Gov. Bill Haslam told a gathering Monday honoring veterans that the reason he was chosen to visit Iraq and Afghanistan this summer was because Tennessee has one of the strongest contingents of military service personnel in the country.
Haslam spoke at an event on the plaza of the Tennessee Tower in a ceremony that honored a group of state employees who are also veterans. New employees as well as some of the longest-serving employees of the state were among those recognized with certificates.
Veterans Day is Friday.
Haslam said that even though Tennessee is the 17th largest state, it has one of the highest rates of military service in the country.
He went to Iraq and Afghanistan with the governors of Nevada, Kentucky and Utah.
“We were all feeling kind of special. We were on this military jet. They were taking care of us,” Haslam said. “Finally somebody said, ‘How did you pick the four of us to go on this trip?'”
He said they were told it was because their states represented more service members per capita than other states.
“They didn’t invite us because of who we are but because of the positions that we have,” Haslam said. “I got to go somewhere I didn’t deserve because of something other people had done.”
Haslam told the crowd that they all got to enjoy Monday’s event on a warm, sunny day in Nashville “because of other less desirable places — muddy battlefields in Europe, battleships in the Pacific and hot, hot deserts in the Middle East. I could go on and on.”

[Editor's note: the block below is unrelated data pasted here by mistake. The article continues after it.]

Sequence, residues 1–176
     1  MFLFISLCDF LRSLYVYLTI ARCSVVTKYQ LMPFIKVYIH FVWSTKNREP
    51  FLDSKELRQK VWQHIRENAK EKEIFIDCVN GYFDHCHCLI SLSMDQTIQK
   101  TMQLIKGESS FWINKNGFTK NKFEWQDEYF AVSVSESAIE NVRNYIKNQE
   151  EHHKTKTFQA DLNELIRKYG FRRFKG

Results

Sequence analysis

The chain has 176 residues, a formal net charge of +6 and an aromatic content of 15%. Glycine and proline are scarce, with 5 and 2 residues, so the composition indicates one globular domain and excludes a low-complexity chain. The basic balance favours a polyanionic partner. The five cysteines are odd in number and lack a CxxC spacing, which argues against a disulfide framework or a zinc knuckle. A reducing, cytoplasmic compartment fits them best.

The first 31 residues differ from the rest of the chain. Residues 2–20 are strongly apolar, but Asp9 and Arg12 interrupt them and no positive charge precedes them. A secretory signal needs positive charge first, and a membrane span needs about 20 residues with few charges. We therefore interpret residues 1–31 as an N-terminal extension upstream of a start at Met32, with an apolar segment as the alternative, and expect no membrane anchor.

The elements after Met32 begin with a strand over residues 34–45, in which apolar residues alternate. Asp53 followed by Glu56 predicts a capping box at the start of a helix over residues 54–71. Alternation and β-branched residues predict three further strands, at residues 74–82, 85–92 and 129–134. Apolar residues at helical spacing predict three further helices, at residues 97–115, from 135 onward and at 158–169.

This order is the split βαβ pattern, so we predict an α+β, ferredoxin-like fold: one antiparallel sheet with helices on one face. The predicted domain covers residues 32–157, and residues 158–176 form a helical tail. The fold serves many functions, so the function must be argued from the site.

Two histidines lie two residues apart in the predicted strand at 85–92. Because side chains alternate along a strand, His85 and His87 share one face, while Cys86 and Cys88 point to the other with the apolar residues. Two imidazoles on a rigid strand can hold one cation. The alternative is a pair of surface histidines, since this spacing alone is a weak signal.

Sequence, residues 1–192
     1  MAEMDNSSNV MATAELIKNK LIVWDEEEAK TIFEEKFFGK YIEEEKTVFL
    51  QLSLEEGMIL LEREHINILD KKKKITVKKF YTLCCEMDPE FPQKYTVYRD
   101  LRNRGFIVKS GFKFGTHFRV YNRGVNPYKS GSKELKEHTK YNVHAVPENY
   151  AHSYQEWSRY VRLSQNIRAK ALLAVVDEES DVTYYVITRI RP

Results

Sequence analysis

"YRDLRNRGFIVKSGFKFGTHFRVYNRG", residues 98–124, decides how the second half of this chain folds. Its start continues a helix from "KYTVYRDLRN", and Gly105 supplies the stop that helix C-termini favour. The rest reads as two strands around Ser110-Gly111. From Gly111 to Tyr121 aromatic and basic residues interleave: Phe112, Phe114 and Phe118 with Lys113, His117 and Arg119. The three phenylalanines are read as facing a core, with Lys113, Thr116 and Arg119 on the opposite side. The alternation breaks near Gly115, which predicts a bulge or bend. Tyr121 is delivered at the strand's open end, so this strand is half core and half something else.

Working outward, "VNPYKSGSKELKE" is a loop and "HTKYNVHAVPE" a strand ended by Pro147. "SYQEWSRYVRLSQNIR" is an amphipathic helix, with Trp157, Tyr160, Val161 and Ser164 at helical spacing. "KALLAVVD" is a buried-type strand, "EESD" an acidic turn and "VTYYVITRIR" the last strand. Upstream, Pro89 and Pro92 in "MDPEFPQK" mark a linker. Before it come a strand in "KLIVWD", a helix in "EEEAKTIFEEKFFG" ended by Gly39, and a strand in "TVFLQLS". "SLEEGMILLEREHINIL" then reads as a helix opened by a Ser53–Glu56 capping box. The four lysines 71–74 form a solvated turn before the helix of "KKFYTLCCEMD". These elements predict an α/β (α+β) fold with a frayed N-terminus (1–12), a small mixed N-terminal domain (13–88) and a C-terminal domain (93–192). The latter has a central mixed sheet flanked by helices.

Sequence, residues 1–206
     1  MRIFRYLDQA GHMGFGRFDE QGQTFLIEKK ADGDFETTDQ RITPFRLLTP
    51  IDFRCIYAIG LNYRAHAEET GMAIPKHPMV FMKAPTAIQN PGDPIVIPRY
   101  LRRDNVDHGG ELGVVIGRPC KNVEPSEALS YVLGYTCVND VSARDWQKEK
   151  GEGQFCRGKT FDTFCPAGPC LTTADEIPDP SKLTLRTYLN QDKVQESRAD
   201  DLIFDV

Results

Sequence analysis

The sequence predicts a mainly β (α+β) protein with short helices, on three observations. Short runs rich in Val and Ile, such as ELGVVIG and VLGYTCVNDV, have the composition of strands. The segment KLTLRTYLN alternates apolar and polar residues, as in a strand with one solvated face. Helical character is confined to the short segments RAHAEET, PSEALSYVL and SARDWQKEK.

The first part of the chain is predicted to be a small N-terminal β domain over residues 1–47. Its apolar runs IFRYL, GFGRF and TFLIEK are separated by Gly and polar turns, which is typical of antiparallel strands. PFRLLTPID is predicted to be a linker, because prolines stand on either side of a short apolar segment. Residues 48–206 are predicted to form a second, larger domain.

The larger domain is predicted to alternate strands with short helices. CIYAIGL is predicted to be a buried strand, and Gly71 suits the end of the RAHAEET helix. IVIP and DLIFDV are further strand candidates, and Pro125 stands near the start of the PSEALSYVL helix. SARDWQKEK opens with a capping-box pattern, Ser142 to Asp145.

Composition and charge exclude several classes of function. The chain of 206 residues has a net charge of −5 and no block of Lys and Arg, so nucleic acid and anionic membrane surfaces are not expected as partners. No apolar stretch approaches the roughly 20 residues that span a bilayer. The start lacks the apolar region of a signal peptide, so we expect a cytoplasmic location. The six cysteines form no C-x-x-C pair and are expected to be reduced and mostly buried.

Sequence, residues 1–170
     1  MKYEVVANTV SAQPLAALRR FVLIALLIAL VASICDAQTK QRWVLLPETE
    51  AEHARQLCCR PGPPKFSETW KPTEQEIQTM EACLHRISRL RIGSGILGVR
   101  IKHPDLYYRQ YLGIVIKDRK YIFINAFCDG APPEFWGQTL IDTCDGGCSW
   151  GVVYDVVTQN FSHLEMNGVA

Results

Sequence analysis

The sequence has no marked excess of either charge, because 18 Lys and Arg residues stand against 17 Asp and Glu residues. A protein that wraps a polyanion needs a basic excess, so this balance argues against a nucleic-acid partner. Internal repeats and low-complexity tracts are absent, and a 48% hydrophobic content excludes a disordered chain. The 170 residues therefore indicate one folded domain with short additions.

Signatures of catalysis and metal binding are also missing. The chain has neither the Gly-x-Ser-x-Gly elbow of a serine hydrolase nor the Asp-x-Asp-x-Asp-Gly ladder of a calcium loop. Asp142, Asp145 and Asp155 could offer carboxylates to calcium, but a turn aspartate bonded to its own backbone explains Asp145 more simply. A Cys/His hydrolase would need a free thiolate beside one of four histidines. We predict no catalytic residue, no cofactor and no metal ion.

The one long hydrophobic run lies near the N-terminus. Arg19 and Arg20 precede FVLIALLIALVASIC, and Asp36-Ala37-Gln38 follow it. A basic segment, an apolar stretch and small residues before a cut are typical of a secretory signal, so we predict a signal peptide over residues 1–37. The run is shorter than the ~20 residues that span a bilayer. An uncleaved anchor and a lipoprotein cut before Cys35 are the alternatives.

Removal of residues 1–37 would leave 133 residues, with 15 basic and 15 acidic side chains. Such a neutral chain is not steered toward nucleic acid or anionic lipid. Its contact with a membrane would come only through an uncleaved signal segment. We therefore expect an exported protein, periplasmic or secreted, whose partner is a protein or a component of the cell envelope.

Major Gen. Mike Maloan, deputy commander of the Tennessee National Guard, talked about the state’s long history of military service, dating back to 1780, before Tennessee was a state, when Col. John Sevier, who would become Gov. John Sevier, made a call to arms to fight against the British, who were defeated in the Battle of Kings Mountain.
Commissioner of Veterans Affairs Many-Bears Grinder, a Bronze Star Medal recipient and a veteran of the U.S. war in Afghanistan, spoke to the crowd. Haslam noted that Grinder has also lost a child in military duty.
First Lady Crissy Haslam read the records of the employees who were honored. The program’s moderator, Yvette Martinez, a press aide to Haslam, is a former Marine.